Posts Tagged ‘Santiago A. Canton’

New SG of the ICJ, Santiago Cantón, want to mobilise the human rights community again

May 12, 2023

Santiago Cantón, secretary general of the International Commission of Jurists. (Geneva Solutions/Michelle Langrand)

On 11 May 2023 Geneva Solutions carried an interview with the incoming Secretary General of the International Commission of Jurists:

The new head of the International Commission of Jurists warns of the challenges human rights face as democracies across the world falter and calls on human rights groups to rally behind a new purpose. After spending the last few years in the United States, Santiago Cantón, the Argentinian jurist who recently became the new secretary general of the International Commission of Jurists (ICJ), will call Geneva his home for the next five years.

The discreet organisation of well-respected judges and lawyers, located in the Paquis neighbourhood and now celebrating its 70th anniversary, is almost as old as the 1948 Universal Declaration of Human Rights. Born from the ashes of World War II initially to investigate abuses committed in the Soviet part of post-war Germany, the group has made vital contributions over the decades to the human rights architecture. Most notably, they helped push for the creation of an international criminal court and several UN human rights instruments, including the Convention on Enforced Disappearances, first proposed by its then-president Niall MacDermot.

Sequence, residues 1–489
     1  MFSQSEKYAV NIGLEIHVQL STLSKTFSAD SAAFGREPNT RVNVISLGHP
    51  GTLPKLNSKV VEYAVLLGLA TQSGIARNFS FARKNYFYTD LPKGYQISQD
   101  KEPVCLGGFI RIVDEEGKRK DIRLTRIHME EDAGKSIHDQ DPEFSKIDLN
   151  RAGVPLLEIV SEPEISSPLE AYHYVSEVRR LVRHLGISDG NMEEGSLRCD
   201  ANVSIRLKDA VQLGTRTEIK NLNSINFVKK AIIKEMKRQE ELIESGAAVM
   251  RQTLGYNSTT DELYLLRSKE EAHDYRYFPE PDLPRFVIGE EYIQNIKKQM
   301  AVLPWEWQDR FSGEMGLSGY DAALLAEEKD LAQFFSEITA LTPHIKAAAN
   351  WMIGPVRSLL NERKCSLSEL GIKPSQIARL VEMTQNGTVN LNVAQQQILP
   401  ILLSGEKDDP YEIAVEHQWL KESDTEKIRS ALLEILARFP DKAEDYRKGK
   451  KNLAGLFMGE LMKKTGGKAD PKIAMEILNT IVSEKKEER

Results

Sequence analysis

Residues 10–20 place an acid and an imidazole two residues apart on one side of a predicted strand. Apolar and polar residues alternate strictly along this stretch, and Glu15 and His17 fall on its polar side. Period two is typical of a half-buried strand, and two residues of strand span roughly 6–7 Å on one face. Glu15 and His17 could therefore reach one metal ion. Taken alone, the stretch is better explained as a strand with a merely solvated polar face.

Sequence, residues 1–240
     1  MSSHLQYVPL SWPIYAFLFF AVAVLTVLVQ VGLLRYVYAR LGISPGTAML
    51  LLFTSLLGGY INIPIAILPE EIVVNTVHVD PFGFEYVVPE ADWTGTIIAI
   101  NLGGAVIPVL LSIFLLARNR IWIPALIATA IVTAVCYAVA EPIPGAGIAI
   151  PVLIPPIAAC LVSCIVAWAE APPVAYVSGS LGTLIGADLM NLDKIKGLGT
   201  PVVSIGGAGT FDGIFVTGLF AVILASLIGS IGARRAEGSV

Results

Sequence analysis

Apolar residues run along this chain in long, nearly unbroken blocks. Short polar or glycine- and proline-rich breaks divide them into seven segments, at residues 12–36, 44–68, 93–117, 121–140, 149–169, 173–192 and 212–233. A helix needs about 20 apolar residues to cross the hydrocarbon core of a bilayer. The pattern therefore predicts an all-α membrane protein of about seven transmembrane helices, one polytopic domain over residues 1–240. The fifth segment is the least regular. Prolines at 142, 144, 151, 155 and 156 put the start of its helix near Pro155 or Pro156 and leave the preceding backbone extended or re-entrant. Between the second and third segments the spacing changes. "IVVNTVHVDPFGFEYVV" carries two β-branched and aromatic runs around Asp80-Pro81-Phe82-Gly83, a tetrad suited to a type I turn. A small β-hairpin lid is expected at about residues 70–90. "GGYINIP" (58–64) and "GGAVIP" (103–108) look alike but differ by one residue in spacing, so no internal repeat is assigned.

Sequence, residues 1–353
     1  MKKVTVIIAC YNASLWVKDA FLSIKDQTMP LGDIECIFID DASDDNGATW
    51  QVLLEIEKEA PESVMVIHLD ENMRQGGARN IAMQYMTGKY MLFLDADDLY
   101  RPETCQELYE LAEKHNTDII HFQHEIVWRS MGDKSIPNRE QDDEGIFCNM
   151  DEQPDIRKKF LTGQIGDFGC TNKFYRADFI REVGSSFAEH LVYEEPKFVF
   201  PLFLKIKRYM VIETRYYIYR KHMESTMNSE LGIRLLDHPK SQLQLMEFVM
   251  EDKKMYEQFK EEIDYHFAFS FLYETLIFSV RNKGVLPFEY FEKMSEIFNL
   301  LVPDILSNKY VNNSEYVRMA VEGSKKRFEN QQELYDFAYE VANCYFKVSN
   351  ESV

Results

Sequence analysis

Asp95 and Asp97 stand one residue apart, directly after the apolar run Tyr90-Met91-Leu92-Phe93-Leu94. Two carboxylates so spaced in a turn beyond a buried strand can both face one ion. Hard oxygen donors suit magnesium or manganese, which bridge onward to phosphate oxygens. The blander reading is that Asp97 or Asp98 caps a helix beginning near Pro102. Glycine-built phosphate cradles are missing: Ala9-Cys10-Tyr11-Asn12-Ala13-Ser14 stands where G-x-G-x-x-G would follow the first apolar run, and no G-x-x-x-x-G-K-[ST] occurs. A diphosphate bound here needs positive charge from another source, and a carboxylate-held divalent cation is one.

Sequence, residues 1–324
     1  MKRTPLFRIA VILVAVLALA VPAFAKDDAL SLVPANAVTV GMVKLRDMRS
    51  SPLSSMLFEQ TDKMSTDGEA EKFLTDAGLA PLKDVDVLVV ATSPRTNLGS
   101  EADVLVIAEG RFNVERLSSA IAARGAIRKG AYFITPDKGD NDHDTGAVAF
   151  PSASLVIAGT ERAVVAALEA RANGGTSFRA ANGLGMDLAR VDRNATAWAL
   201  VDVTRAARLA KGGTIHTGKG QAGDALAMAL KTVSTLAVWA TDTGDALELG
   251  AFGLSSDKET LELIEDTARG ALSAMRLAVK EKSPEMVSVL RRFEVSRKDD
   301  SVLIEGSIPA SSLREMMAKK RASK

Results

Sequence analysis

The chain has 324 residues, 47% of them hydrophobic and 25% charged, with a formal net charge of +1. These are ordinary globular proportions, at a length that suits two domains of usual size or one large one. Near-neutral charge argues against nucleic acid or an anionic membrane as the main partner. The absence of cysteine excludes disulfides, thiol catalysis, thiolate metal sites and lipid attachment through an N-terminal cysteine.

Cantón, 60, also brings with him some heavy baggage of experience in human rights. He was the executive secretary from 2001 to 2012 of the Inter-American Commission of Human Rights, one of the arms of the Organization of American States tasked with reviewing rights abuses. Before that, Cantón served as the commission’s first special rapporteur on freedom of expression from 1998 to 2001. More recently, Cantón was part of the UN Human Rights Council’s commission of inquiry on abuses committed in the occupied Palestinian territories during the 2018 protests.